Introduction to Blog

I launched the website and the Blog after having spoken to government officials, political analysts and security experts specializing in South Asian affairs from three continents. The feedback was uniformly consistent. The bottom line is that when Kashmiris are suffering and the world has its own set of priorities, we need to find ways to help each other. We must be realistic, go beyond polemics and demagoguery, and propose innovative ideas that will bring peace, justice and prosperity in all of Jammu and Kashmir.

The author had two reasons to create this blog. First, it was to address the question that was being asked repeatedly, especially, by journalists and other observers in the U.S., U.K., and Canada, inquiring whether the Kashmiri society was concerned about social, cultural and environmental challenges in the valley given that only political upheaval and violence were reported or highlighted by media.

Second, the author has covered the entire spectrum of societal issues and challenges facing Kashmiri people over an 8-year period with the exception of politics given that politics gets all the exposure at the expense of REAL CHALLENGES that will likely result in irreversible degradation in the quality of life and the standard of living for future generations of Kashmiris to come.

The author stopped adding additional material to the Blog once it was felt that most, if not all, concerns, challenges and issues facing the Kashmiri society are cataloged in the Blog. There are over 1900 entries in the Blog and most commentaries include short biographical sketches of authors to bring readers close to the essence of Kashmir. Unfortunately, the 8-year assessment also indicates that neither Kashmiri civil society, nor intellectuals or political leadership have any inclination or enthusiasm in pursuing issues that do not coincide with their vested political agendas. What it means for the future of Kashmiri children and their children is unfathomable. But the evidence is all laid out.

This Blog is a reality check on Kashmir. It is a historical record of how Kashmir lost its way.

Vijay Sazawal, Ph.D.

Monday, April 13, 2009

Kashmir is Steeped in Hindu Culture

Hindus may have left the valley (for the time being) but the valley resonates with their culture

1500-Year Old Hindu Godess Idol Found in Bijbehara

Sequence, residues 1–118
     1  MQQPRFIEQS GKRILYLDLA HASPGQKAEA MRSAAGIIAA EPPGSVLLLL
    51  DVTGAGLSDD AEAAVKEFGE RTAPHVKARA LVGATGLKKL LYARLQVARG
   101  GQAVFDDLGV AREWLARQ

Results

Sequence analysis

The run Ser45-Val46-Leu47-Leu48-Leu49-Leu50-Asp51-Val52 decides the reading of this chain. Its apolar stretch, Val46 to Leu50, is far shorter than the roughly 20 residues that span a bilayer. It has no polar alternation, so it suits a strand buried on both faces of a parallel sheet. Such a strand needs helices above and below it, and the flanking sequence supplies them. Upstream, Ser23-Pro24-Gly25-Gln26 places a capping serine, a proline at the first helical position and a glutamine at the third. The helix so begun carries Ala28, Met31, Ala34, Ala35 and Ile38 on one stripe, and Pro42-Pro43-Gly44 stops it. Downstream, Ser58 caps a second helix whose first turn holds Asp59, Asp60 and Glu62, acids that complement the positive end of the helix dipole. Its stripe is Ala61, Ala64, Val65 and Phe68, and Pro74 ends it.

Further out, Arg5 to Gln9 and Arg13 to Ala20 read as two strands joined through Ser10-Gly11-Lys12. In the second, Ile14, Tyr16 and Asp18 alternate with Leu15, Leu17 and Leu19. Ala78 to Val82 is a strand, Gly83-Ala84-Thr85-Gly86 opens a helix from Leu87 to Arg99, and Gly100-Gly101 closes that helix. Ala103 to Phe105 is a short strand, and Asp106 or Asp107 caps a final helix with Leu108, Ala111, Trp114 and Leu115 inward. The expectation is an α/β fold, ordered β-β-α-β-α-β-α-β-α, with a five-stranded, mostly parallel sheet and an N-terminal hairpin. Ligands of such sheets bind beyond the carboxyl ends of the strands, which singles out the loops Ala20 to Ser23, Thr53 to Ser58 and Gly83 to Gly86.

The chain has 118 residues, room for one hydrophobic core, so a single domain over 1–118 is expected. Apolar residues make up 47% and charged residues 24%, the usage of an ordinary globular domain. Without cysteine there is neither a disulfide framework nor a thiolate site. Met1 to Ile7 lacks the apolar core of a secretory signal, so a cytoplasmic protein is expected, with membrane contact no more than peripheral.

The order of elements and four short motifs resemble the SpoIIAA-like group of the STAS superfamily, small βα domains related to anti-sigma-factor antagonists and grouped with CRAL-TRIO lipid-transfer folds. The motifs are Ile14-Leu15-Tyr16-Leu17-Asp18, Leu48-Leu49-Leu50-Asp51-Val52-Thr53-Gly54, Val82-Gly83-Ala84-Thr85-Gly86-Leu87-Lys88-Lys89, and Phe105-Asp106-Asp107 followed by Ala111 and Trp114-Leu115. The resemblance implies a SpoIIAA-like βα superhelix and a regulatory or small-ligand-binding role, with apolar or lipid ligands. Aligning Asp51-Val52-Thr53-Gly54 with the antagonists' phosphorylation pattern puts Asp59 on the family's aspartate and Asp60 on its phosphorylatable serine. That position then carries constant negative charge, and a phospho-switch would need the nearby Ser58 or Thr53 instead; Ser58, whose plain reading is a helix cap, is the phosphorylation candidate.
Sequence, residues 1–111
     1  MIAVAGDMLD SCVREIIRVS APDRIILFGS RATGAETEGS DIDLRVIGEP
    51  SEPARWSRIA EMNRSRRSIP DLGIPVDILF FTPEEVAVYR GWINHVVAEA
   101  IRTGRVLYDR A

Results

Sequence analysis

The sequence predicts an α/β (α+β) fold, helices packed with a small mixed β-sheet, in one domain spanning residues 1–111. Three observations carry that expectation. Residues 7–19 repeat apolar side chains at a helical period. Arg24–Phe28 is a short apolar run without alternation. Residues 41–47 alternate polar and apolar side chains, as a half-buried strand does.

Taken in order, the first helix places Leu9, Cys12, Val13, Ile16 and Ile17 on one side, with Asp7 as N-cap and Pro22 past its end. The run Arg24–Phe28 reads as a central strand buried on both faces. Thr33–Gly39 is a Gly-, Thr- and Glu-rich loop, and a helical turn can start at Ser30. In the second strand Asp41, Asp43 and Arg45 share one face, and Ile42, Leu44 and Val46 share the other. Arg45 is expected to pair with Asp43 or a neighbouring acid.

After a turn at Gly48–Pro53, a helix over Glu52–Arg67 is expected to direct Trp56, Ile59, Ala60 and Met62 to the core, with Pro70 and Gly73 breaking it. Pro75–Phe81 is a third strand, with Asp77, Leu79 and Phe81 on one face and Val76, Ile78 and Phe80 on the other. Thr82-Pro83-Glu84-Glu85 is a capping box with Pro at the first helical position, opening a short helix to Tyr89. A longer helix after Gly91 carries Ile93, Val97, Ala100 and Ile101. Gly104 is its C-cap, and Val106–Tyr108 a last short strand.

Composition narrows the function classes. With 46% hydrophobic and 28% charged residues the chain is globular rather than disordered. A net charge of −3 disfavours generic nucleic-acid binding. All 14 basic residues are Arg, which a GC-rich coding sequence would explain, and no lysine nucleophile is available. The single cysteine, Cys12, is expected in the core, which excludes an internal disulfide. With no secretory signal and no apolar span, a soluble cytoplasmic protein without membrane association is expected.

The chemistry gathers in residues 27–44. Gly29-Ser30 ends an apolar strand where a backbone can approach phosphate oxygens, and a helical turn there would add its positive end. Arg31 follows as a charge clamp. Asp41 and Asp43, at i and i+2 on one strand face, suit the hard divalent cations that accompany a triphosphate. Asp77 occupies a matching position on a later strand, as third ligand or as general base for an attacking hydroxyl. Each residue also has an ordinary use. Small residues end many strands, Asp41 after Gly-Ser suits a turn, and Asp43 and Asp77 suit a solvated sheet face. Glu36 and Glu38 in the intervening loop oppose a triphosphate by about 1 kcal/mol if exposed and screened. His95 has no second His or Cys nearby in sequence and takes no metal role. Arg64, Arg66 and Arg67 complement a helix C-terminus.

Bijbihara: A rare stone sculpture (idol) of Hindu goddess of wealth, Laxmi, believed to be over 1500 years old, was evacuated few days back from the village Waghama (Anantnag district) on the right bank of river Vitasta - near Bijbehara, according to deputy director of Archives, Archeology and Museums, Peerzada Muhammad Ashraf.

Ashraf said the farmers stumbled upon the idol when they were digging a field in Waghama, Bijbehara. “They took the idol with them but some villagers tipped the local police who recovered the idol and handed it over to us after legal formalities,” Ashraf said, adding, the experts are studying the idol.

Experts have identified the sculpture as that of Goddess Laxmi, dating back to 5th Century AD. The sculpture measures 7 inches high and 4.5 inches wide and is seen as the most impressive find of the year. “It is a rare idol that depicts the goddess riding a lion while a crocodile rests at her feet,” said an expert wishing anonymity. Another expert said the sculpture depicting Goddess Laxmi on a lotus throne with lion motifs on its either sides is a complete figure with impressive artistic details.

Experts say there has been great influence of Greek culture in areas in and around Bijbehara. Noted historian, Muhammad Yousuf Taing, said that Mehra Kul, a Hindu King, in 4th century AD had donated a huge chunk of land in Bijbehara to Brahmins of Gandhara, Afganistan.

“It is pertinent to mention that a big temple devoted to Vishnu existed till 19th century in Bijbehara. Bijbehra should be declared as a heritage zone with a museum to preserve its rich artifacts given its tremendous historical significance,” various experts said, who criticized the Archeology Survey of India (ASI) which shifted its operations to Jammu under the militancy began in early 1990.

“Our archeological wealth is in ruins due to the neglect by the ASI. Government must take steps to handover the archeological sites to State Archeology department,” said a noted expert.

No comments: